By Alexis Soloski
By Molly Grogan
By R. C. Baker
By Christian Viveros-Fauné
By Alexis Soloski
By Alexis Soloski
By Lilly Lampe
The Belarus Free Theatre hails from a country where its dangerous to say much of anythingand now that theyre here, they have a lot to say. Acting as theatrical emissaries from one of Europes harshest corners, the company presents a searing indictment of Aleksandr Lukashenkos dictatorial regime. Their trio of testimonial playsBeing Harold Pinter, Zone of Silence, and Discover Love (co-produced by the Public and La Mama, running in rep at La MaMa) achieve varying levels of theatrical finesse. But all three bring stark urgencysupported by the ensembles fierce performancesto the task of tirelessly reporting on the country theyve temporarily left behind.
In his 2005 Nobel Prize acceptance speech, Harold Pinter meditated on languages unsettling ambiguitiesits ability to simultaneously describe and mask reality. These observations drive Being Harold Pinter, a nightmarish concoction combining text from Pinters speech, scenes from his politically suggestive dramasThe Homecoming, One for the Road, Mountain Languageand testimony from Belarusian political prisoners.
Adapted and directed by Vladimir Shcherban, Being Harold Pinterstages languages complicity in authoritarian regimes: interrogators relish extravagant euphemisms, seemingly innocuous conversations are loaded with danger. Graphic torture sequences accompany the Pinter scenes (one features a terrifying castration-by-burning-marshmallow). When the cast relates Belarusians testimony, by contrast, the stage is eerily calm. Performers speak in darkness, their faces lit by flashlightslending their own language the gravity of recently experienced truth.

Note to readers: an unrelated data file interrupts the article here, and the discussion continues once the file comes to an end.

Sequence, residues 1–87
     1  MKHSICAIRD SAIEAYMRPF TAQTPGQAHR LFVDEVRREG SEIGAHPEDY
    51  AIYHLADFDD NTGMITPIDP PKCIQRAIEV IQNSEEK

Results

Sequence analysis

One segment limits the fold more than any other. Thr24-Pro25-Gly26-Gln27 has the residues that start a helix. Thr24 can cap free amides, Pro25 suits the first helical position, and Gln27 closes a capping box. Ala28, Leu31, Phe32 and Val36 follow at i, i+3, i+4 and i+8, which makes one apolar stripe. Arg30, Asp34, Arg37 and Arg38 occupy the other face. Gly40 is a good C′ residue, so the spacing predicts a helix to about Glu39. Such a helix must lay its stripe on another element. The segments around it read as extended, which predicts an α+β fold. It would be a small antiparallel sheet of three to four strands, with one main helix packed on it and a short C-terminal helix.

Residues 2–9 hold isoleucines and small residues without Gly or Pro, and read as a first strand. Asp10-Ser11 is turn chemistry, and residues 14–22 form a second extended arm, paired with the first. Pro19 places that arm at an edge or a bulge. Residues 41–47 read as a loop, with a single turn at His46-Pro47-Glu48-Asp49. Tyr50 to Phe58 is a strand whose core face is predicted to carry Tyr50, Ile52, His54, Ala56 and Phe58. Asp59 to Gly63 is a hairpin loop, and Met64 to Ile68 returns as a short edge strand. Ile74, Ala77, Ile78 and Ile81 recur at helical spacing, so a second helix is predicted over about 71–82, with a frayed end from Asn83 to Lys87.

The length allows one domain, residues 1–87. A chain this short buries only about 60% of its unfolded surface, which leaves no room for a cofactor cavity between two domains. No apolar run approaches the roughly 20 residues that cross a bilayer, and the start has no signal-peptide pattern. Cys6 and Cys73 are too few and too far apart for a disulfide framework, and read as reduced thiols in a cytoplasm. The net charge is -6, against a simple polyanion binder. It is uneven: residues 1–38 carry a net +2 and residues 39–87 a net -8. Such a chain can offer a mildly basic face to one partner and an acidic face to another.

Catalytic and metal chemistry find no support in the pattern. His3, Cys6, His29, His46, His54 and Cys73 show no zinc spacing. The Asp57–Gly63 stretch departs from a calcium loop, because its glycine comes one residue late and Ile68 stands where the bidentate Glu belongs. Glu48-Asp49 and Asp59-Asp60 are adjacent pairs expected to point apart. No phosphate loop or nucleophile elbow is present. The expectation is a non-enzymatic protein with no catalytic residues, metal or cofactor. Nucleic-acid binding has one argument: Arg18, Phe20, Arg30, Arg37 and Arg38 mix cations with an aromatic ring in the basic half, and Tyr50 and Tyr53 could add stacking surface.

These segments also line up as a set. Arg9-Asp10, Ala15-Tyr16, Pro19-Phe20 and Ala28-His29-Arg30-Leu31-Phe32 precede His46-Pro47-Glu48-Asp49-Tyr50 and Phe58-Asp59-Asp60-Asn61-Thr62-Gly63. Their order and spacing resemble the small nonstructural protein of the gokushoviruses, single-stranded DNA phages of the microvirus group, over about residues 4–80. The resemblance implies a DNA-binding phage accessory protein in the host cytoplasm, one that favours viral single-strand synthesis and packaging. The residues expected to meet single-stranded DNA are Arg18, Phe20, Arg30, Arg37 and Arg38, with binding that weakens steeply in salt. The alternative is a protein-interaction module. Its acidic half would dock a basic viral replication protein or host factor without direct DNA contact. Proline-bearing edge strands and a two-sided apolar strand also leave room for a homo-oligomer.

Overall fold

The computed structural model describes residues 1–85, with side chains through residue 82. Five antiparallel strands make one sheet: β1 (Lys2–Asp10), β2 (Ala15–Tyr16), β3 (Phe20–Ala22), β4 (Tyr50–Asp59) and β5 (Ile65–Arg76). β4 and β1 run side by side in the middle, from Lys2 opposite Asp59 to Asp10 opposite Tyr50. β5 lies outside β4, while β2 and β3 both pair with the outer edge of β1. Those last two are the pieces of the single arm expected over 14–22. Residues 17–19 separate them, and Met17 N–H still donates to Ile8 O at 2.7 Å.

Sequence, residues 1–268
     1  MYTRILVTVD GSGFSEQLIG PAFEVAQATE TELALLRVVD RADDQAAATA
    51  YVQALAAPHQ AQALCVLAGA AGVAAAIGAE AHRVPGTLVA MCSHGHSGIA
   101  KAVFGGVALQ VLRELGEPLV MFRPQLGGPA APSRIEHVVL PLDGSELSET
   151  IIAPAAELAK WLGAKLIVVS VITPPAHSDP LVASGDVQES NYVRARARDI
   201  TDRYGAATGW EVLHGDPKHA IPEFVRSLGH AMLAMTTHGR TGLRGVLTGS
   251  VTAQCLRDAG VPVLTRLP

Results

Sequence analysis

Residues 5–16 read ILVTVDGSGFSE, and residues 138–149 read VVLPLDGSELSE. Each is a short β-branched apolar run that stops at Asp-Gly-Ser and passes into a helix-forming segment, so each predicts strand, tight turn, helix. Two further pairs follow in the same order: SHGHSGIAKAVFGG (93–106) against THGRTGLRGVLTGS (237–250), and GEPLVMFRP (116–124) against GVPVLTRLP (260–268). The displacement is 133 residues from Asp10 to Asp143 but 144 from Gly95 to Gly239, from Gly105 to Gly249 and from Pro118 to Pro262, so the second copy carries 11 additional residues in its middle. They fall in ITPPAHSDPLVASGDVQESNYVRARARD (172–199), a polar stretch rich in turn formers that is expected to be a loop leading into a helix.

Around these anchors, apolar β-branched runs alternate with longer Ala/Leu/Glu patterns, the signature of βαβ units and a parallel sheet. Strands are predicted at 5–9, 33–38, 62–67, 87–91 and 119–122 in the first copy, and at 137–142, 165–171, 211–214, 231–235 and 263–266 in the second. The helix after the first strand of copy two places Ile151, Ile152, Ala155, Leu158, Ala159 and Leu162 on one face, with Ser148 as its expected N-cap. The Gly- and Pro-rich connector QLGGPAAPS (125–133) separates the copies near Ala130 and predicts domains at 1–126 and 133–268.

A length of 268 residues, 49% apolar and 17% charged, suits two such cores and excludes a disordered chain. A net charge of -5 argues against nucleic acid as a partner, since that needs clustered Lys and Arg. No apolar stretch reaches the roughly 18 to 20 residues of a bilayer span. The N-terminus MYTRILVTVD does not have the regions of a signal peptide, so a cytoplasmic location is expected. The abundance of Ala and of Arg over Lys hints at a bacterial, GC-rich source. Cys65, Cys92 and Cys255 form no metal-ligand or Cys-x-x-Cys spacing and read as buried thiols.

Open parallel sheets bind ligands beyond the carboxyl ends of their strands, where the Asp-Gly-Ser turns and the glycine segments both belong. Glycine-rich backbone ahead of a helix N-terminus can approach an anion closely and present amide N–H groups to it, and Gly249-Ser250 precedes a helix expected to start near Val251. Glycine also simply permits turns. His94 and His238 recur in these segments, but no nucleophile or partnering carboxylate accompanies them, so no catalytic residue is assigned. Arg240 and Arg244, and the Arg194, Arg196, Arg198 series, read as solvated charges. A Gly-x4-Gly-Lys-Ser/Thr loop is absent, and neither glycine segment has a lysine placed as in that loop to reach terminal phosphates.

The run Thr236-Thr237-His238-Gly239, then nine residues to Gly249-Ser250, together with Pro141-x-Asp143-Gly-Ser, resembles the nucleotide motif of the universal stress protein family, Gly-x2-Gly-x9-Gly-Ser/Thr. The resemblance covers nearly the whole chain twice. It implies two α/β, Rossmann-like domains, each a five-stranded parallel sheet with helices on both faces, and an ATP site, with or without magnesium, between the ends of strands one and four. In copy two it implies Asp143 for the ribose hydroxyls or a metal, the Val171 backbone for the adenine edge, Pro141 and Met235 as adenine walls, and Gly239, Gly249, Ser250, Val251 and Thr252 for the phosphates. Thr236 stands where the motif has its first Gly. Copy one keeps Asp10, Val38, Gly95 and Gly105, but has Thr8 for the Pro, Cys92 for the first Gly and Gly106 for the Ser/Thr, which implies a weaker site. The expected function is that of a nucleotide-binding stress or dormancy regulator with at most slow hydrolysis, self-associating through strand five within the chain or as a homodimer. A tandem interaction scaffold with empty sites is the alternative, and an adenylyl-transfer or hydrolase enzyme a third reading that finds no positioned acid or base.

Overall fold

Zone of Silence describes the territory devastated by Chernobyl, much of it Belarusianand, by implication, the whole suppression-stifled country. This production, also directed by Shcherban, presents a panoramic view of the troupes homeland (and a sprawling one, at two and a half hours; fewer disturbing tales might have been disturbing enough).
The play begins with childhood stories, many revealing shades of authoritarianism in daily life: One girl must stand naked in a boys dormitory as punishment for misbehavior; another is forcibly removed from her adoptive Italian family and repatriated. Folk songs, dances, and striking stage images punctuate the narrative: At one point, a makeshift newspaper puppetthe orphan, back in Belarusflings itself despairingly at a window sketched in chalk.
Later, Zonebecomes a cascade of projected statisticsfrom the dismaying (72% of Belarusians find it difficult to define the word democracy) to the darkly funny: 242 Belarusian cows recently trampled an electric fence on the countrys border, in their apparent desperation to escape to Poland.
Zone, too, concludes in darkness. Atop a hastily taped-together metal column, a red light flashes desperately, the only thing visiblea concise image for an entire country in a state of emergency.
Discover Love, written and directed by Nikolai Khalezin, is the least theatrically complex of the three pieces, though its story, based on real events, is no less compelling. Two performers recount the history of a happy marriage: their impromptu wedding, their hard-won prosperity, their unfading intimacy. Then, one ordinary day, the husband is abducted and murdered for his support of the countrys democracy movement.
This reversal would wrench harder if Discover Love didnt veer into a recitation of international statistics on disappearances, comparing Belarus to Latin Americas dirty wars. These connections are already apparent, and unlike in Zone of Silence, data doesnt expand the story in unexpected ways.
Even here, though, simple actions suggest unimaginably brutal realities. After his big scene, the husbands killer slips off his black ski mask and casually walks offstagejust another day in a country where staging terror is a daily routine.